If you’re in the New York City area on April 7-9, 2017 join me and colleagues at the The Westin NY at Times Square for our annual Survival Skills for Today’s Gynecologist program. It’s a great time to catch up with friends and hear discussions about the latest in gynecologic patient care. Each day starts with breakfast and includes time for Q&A to deepen the knowledge-share among us.

Along with Steven R. Goldstein, MD who serves with me as Program Co-Director, we have a terrific faculty who will present on leading-edge therapies and topical issues. You might be interested in the most recent recommendations about cervical cancer screening or are wanting more information about HPV education, VVA treatment, hysterectomy procedures, urogynecology, and much more.

On Friday, I will discuss the following topics:

  • Menopausal Hormone Therapy: Primary Prevention of Disease or Not?
  • Office Management of Female Sexual Dysfunction: You CAN do this.
  • Flashes, Flushes, and Night Sweats: New and Non-Hormonal Approaches

My topic for Saturday is Pelvic Floor Biofeedback/Physical Therapy: Should I Offer This in My Office?

The treatment of our patient population is ever-changing, as new treatments and options become available. The business of medicine is changing too. Don’t miss this great CME opportunity, learn some Survival Skills, and thrive in the years to come.

View the entire course or to Register at www.WorldClassCME.com or by phone at (888) 207-9105, M-F 8:30 am – 5 pm EST

Hope to see you there!

healthy middle aged woman stretching outdoors

In different ways, cultures around the world celebrate when young girls become women around the time of their first menstrual period, but few celebrate the milestone of menopause. Why is that? Perhaps because we focus on the negative aspects of menopause, the effects that leave some women experiencing hot flashes at inopportune moments, and so we view this process in a negative light. But it can be perceived and experienced positively, according to medical experts.

Understanding Study Outcomes
As clinical professor of obstetrics and gynecology at the George Washington University in Washington, DC, and a Past President of the North American Menopause Society (NAMS) I’ve studied these issues closely. I revisited the menopausal hormone therapy research in the Women’s Health Initiative (WHI) first reported in 2002, which was loosely translated to mean that all forms of estrogen, and all types of progesterone were risky for all women, always. But when looking more closely at the patient population in that study, it showed that some of the women were already at high risk health issues and underlying disease.

“Be aware that the findings for the two WHI hormone studies should not be compared directly because of differences in the women’s characteristics at the time of their enrollment. For example, those in the estrogen-alone study had a higher risk of cardiovascular disease than those in the estrogen-plus-progestin study. Women in the estrogen-alone study were more likely to have such heart disease risk factors as high blood pressure, high blood cholesterol, diabetes, and obesity,” according to the National Institutes of Health (NIH).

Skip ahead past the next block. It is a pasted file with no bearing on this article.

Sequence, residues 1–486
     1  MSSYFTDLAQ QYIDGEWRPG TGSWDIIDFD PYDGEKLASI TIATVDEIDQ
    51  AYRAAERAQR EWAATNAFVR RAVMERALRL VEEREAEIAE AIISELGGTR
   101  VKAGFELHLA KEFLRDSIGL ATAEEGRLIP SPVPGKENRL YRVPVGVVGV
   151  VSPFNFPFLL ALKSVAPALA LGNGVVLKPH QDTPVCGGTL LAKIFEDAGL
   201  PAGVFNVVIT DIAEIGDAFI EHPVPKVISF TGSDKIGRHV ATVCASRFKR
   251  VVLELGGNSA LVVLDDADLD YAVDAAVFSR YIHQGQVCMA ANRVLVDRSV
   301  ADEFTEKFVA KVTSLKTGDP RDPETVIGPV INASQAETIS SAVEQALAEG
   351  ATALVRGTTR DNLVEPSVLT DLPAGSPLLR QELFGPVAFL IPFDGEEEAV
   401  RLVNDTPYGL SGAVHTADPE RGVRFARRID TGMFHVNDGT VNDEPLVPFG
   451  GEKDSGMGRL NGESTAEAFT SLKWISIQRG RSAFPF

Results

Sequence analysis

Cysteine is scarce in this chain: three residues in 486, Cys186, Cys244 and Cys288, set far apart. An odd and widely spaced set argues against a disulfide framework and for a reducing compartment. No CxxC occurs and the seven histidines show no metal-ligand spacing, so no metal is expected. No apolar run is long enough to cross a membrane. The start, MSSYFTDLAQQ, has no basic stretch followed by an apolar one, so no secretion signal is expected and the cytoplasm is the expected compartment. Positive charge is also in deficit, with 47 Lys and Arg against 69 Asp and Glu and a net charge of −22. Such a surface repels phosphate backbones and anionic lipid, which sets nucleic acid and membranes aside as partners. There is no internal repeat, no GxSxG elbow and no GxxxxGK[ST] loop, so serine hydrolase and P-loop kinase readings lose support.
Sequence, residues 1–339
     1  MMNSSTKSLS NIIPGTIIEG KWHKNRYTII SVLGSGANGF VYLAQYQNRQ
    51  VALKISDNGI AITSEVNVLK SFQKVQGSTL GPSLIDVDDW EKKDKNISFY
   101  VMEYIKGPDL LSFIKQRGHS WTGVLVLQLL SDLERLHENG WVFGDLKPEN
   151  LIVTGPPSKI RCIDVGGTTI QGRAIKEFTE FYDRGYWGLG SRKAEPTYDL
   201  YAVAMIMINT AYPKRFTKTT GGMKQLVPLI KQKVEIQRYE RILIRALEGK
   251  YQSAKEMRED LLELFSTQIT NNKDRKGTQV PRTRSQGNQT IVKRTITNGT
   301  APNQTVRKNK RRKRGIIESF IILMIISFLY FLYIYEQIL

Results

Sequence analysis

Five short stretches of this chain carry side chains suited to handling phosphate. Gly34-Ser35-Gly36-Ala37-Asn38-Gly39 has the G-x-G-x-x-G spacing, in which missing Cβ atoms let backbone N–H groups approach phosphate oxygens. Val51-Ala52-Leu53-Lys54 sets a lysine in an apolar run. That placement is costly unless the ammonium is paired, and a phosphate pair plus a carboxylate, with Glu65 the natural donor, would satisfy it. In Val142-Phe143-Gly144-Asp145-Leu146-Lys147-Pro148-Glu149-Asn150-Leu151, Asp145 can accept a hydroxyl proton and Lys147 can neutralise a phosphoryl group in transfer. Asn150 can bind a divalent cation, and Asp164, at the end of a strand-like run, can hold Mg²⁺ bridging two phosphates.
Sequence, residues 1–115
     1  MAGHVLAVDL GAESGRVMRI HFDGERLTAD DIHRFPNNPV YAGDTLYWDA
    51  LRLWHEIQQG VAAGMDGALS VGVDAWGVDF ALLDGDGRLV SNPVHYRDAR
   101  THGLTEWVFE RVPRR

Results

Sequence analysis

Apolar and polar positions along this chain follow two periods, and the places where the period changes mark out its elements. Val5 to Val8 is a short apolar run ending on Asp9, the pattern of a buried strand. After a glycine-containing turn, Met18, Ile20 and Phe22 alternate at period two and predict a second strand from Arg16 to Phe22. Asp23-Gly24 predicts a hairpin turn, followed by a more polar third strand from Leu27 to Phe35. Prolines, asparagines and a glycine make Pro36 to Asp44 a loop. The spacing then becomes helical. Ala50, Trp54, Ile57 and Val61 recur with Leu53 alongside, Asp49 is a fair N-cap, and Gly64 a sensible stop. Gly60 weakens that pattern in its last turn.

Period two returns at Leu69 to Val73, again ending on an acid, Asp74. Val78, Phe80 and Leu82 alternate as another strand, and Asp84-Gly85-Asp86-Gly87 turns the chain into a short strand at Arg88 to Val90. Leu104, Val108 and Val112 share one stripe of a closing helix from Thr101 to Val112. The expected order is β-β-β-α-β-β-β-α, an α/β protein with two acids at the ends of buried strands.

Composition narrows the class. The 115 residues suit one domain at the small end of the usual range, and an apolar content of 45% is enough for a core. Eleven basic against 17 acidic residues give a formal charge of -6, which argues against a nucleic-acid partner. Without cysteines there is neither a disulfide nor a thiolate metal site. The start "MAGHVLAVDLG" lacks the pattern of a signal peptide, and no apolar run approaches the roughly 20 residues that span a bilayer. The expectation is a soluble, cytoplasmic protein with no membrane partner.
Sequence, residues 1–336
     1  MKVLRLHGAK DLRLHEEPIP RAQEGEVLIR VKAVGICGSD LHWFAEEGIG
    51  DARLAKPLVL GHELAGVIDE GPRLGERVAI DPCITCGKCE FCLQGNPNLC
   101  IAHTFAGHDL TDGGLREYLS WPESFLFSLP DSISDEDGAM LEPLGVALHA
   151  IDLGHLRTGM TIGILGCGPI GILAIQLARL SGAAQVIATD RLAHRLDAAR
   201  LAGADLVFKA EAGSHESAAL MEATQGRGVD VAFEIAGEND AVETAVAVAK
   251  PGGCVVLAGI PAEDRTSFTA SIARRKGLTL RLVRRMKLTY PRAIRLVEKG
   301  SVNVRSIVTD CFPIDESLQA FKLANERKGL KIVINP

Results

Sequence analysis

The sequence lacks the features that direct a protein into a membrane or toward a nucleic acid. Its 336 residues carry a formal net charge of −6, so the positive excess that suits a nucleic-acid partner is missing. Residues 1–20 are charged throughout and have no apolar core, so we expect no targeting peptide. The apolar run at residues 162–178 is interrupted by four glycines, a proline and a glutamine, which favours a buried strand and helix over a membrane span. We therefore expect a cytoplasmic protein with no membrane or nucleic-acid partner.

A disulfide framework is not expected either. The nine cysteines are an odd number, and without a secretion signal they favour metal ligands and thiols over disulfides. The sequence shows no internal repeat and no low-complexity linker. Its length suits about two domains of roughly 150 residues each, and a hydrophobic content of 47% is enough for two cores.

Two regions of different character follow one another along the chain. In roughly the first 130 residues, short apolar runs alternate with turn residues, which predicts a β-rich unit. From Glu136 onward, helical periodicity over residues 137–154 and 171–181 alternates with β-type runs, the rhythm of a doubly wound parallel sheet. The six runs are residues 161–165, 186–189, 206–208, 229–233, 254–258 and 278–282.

Mitigating Symptoms
In wanting to help my patients find helpful ways to treat their symptoms, I analyzed a database of 13 million patients to investigate whether two forms of estrogen (oral versus transdermal) differed in how patients experienced negative side effects, particularly focusing on heart attack, stroke and deep vein thrombosis (blood clots in the veins). I concluded that patients who used transdermal estrogens had significantly fewer: blood clots in their veins, pulmonary emboli, and heart attacks than those who took an oral estrogen pill. Stroke risks were also slightly lower for transdermal estrogens.

“The women who were using transdermal estrogens had a lower risk of blood clots in the legs deep vein thrombosis (DVT), had a lower risk of pulmonary embolism—those blood clots in the legs traveling up to the lungs—and a decreased risk of heart attacks” I said in a video on My Menopause Mag, run by Editor Mache Seibel, MD., former 20-year veteran of Harvard Medical School faculty. I caution though, that patients who are at risk for blood clots may need to talk with their doctor to weigh the benefits versus the risks of all estrogen therapies.

Questions to Ask Your Doctor

  • When does menopause begin?
  • How long does it last?
  • Should I take hormones?
  • What kind of hormones should I take and for how long?

Available Resources
Great online resources such as this website help educate women to know more about how menopause effects the whole person and how to navigate this new time in life.

“Women don’t learn about menopause until they are going through it. I think if we as young women know about it and understand it, then we’ll be much more equipped.” from the trailer for the movie, “Hot Flash Havoc” available on local PBS stations. I have a cameo appearance.

In addition, this website:  www.mymenopausemag.com answer a lot of these questions women have, understanding that there is no one-size-fits-all model for making the transition.

Understanding Perimenopausal Symptoms
Women commonly experience the following perimenopause symptoms:

  • Hot flashes
  • Lower sex drive
  • Irregular periods
  • Difficulty sleeping
  • Mood swings
  • And many others

Many of these symptoms often continue into menopause. Women in menopause may also experience:

  • Vaginal dryness
  • Urinary problems, including incontinence and/or urgency
  • Night sweats